The New Year’s res­o­lu­tions so­lu­tion

Mail & Guardian - - Comment & Analysis - Hans Macken­zie Main

Wouldn’t it be a won­der­ful sur­prise if the in­sti­tu­tions that serve us re­solved to serve us bet­ter this year? Or, if not to serve us bet­ter, at least to try to make things eas­ier for us to un­der­stand.

For in­stance, if the South African Rev­enue Ser­vice re­solved to start the tax year on the same day as the cal­en­dar year, then we could all be on the same page. Or if all ser­vice providers agreed on how to write the date. I’m for­ever won­der­ing whether it’s month/day/year or day/month/year. Sec­onds go by in the bank, the traf­fic depart­ment, the post of­fice (I’m there now and then) dur­ing which it’s ei­ther 11 Jan­uary or 1 Novem­ber. You would think Y2K would have been a wake-up call. Date writ­ing reg­u­la­tion should have been passed long ago. Sadly, it hasn’t. And here we are.

But the in­sti­tu­tions won’t re­solve to do any­thing. We all know that. To be res­o­lute is to be un­wa­ver­ing and they wa­ver (in the form of waivers), tak­ing away our right to de­mand logic. We waivered that right when we were reg­is­tered at birth, quite pos­si­bly, on a day of the month that wasn’t the day of the month ev­ery­one thought it was. A shock­ing thought.

Maybe that’s too much to ask any­way. To ex­pect oth­ers to make res­o­lu­tions for our ben­e­fit.

The New Year’s res­o­lu­tion has al­ways had an air of the per­sonal about it. A quiet mo­ment you take with your­self to de­cide in what pro­found way you are go­ing to bet­ter your­self over the next 12 months. Quite frankly, in its purest form, draw­ing up a list of res­o­lu­tions should work the other way round: What can I do to change my­self for the ben­e­fit of oth­ers?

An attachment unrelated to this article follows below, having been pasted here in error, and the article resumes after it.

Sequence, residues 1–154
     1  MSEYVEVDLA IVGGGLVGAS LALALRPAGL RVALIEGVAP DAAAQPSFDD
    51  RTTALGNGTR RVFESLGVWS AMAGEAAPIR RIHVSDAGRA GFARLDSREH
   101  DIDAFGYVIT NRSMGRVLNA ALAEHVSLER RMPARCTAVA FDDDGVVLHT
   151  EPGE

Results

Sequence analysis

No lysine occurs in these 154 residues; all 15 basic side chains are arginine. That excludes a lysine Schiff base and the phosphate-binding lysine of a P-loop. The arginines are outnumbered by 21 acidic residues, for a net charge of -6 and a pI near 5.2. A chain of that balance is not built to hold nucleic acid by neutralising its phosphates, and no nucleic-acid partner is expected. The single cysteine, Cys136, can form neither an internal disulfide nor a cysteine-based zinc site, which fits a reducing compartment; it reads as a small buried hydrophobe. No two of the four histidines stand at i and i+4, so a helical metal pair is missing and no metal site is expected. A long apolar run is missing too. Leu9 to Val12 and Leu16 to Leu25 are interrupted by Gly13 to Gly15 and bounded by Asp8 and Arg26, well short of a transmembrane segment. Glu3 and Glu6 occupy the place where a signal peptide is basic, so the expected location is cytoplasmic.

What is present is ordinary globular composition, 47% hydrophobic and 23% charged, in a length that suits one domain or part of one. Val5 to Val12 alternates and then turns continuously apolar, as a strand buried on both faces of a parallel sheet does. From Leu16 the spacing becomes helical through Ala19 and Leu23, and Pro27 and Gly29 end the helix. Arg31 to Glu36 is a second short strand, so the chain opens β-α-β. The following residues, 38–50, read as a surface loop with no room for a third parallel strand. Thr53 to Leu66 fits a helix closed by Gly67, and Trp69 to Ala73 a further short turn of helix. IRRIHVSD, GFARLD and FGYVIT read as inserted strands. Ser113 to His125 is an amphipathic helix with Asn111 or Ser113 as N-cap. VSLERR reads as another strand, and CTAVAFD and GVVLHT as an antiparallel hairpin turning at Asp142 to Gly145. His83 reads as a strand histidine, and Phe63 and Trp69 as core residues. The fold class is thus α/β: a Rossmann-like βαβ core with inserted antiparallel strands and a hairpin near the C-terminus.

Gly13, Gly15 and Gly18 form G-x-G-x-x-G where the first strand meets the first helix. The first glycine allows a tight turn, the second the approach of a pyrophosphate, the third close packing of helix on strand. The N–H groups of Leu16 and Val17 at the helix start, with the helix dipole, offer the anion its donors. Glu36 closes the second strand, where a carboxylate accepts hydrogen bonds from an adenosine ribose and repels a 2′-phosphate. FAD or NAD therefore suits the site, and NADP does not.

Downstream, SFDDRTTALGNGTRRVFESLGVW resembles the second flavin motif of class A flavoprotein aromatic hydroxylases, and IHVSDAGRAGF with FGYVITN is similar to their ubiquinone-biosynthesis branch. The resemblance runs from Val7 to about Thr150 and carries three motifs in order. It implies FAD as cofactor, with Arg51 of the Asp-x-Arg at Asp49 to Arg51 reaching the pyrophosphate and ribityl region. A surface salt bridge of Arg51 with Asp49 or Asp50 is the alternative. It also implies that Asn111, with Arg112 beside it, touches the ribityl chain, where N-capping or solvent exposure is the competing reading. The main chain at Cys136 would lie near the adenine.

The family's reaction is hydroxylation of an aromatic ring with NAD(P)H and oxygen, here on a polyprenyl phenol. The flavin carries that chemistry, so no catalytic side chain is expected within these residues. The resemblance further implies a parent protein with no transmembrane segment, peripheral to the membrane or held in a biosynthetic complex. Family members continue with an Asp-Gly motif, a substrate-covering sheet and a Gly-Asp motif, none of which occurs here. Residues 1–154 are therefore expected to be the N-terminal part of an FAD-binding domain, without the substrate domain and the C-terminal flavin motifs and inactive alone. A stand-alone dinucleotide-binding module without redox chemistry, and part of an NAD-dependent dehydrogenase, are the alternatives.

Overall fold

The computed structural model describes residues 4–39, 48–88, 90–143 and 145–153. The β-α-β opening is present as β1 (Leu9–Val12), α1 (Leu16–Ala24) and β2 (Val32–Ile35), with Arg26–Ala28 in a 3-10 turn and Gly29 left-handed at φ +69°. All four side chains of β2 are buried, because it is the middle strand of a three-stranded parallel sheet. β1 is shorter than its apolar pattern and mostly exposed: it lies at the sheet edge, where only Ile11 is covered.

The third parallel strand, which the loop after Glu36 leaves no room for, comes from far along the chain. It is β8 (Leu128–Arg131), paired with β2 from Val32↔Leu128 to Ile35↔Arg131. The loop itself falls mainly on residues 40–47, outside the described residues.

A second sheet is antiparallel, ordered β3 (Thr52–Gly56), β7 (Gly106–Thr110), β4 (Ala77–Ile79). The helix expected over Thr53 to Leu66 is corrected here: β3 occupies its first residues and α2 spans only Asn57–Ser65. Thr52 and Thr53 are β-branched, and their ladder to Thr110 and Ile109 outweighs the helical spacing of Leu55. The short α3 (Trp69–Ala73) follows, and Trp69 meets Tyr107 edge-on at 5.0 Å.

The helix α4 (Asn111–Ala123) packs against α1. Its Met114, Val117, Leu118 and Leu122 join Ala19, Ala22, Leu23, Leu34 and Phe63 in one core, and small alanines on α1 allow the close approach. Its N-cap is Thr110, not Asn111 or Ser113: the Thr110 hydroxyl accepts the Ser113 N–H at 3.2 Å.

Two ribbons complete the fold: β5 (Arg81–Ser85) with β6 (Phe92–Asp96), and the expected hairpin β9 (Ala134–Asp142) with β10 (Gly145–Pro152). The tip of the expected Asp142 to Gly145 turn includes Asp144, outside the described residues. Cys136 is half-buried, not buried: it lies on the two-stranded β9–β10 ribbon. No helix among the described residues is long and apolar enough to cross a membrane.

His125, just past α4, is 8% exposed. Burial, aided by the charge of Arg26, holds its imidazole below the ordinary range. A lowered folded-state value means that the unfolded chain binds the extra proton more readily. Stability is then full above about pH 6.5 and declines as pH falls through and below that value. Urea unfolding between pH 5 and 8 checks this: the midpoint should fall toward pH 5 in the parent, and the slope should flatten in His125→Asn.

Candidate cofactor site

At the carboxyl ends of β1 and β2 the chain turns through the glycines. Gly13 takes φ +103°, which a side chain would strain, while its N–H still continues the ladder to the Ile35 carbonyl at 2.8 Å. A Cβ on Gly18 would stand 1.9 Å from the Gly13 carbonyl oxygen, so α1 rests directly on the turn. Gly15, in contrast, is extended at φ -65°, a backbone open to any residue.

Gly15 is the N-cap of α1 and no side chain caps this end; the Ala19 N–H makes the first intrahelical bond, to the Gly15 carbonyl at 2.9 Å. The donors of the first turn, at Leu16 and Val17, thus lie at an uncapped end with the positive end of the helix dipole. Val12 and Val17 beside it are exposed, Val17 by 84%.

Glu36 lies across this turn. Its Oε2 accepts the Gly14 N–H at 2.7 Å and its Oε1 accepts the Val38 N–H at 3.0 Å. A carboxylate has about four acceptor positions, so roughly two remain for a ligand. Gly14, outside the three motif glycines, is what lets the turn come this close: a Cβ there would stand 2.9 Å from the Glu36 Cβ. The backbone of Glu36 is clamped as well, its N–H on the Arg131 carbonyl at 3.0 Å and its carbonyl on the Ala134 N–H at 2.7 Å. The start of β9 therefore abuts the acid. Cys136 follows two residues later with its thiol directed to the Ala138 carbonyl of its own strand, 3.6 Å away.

That brings it closer to home but, iron­i­cally, and very much awk­wardly, per­sonal New Year’s res­o­lu­tions are some­how ev­ery­one’s busi­ness.

“Any New Year’s res­o­lu­tions?” a col­league might ask. And then you have to spill the beans (quit smok­ing, go to the gym, drink more wa­ter) and you’re sad­dled with a wit­ness to your in­evitable fail­ure to make it past Fe­bru­ary.

But you’re also wit­ness to his or her down­fall and that, I put for­ward, is why we all fail to stick to the things we re­solve to do at this mer­ci­less time of the year. It’s a bul­let­proof sys­tem.

The same in­stinct that drives large groups of peo­ple to eat gar­lic to­gether so one can’t smell the other is driv­ing the masses to fail as a whole. Herd men­tal­ity work­ing at a very high level.

So how do you stand out from the crowd? How do you do your own thing?

May I pro­pose a vari­a­tion on prob­a­bly the one item printed on the waiver form of the Make a Wish Foun­da­tion (no wish­ing for end­less wishes)?

It’s a res­o­lu­tion I have man­aged to stick to for al­most a decade now and sim­ply states that I re­solve not to make any res­o­lu­tions this year, or in any other year.

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